Department stores all over the city outdo each other (and themselves) each year decking their window displays with festive decorations.
Designers begin developing the upcoming year’s displays on January 2. Meaning they spend almost 12 months on these artistic creations.
151 W 34th Street
The annual Macy’s Thanksgiving Day Parade ends at this famous department store each year, with the arrival of Santa marking the official start of the holiday season. Head up the wooden escalators to the top floor to meet with the big guy himself. Or, simply enjoy the only department store window displays geared toward children each year.
Previous themes have included: “Yes Virginia, There is a Santa Clause” and “A Charlie Brown Christmas.”
Keep an eye out for the dancing Salvation Army Santas, too!
754 5th Avenue
Bergdorf Goodman is one of the few department stores on this list that actually manages to include their wares in holiday displays. They're some of the most intricate windows in the city, with themes usually celebrating high-society New Yorkers.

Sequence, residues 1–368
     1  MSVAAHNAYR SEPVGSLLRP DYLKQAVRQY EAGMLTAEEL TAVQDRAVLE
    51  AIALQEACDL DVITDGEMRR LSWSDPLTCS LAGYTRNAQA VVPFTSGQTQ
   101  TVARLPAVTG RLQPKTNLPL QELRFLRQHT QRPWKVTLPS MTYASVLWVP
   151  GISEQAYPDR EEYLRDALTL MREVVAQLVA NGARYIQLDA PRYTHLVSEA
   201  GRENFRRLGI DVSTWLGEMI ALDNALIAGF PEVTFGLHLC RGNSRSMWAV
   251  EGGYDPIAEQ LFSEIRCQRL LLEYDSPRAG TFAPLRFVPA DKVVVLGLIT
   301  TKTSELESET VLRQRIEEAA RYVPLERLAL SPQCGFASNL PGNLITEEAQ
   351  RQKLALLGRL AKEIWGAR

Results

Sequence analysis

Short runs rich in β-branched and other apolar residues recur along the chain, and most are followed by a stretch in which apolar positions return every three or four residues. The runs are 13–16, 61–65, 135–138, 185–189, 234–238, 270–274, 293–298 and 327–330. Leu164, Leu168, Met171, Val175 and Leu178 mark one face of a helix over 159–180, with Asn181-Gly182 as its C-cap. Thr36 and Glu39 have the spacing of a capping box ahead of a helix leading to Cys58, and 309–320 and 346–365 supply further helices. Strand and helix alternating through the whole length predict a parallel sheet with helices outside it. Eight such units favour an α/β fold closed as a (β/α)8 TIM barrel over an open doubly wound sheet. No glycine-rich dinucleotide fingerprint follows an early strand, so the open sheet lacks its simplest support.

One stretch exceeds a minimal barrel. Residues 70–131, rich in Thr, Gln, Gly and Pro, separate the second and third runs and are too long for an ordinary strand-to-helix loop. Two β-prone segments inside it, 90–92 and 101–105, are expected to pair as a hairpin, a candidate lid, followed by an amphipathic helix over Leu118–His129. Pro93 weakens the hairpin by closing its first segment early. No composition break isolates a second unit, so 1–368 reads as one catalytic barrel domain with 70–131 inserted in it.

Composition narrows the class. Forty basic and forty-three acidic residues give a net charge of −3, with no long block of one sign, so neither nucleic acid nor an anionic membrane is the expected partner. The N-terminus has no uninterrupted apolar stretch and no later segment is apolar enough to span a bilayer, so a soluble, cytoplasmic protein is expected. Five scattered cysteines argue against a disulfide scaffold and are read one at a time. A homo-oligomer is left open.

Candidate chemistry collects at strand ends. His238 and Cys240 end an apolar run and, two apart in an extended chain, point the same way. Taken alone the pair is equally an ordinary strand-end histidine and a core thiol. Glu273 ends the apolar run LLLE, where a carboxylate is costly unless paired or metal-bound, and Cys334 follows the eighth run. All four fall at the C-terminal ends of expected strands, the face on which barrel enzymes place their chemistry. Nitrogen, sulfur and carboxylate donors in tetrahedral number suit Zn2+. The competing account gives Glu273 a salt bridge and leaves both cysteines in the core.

Saks Fifth Avenue
611 5th Avenue
Saks also features fashion in their displays, but is more famous for the laser light display that takes place every eight minutes outside the store. These lights dance to famous holiday songs that include “Carol of the Bells” and the “Home Alone” soundtrack. One year, they even teamed up with Disney to celebrate the anniversary of “Snow White and the Seven Dwarves” with windows featuring character animatronics acting out scenes from the cartoon.
Tiffany & Co.
727 5th Avenue
Tiffany’s displays a large tree inside their store and a giant Swarovski crystal hanging above Fifth Avenue each year.
1000 3rd Avenue 59th Street/Lexington Avenue
A little off the beaten path, Bloomingdale's is another store that incorporates fashion into their displays.
Head's up: Lord & Taylor closed their flagship store in 2018, so they no longer decorate their windows for the holidays. We wouldn’t want you to head all the way down to 42nd Street and Fifth Avenue only to find an empty building!
Most of the hotels in the city also decorate for the holidays. Our favorite picks?
- The Plaza
- Ritz Carlton
- St. Regis
- Waldorf Astoria
- Mandarin Oriental
Head straight to the lobbies to check out the displays. And because NYC hotel lobbies are always open to the public, you can rest your feet in the lounge and use the bathroom before heading back out to the cold.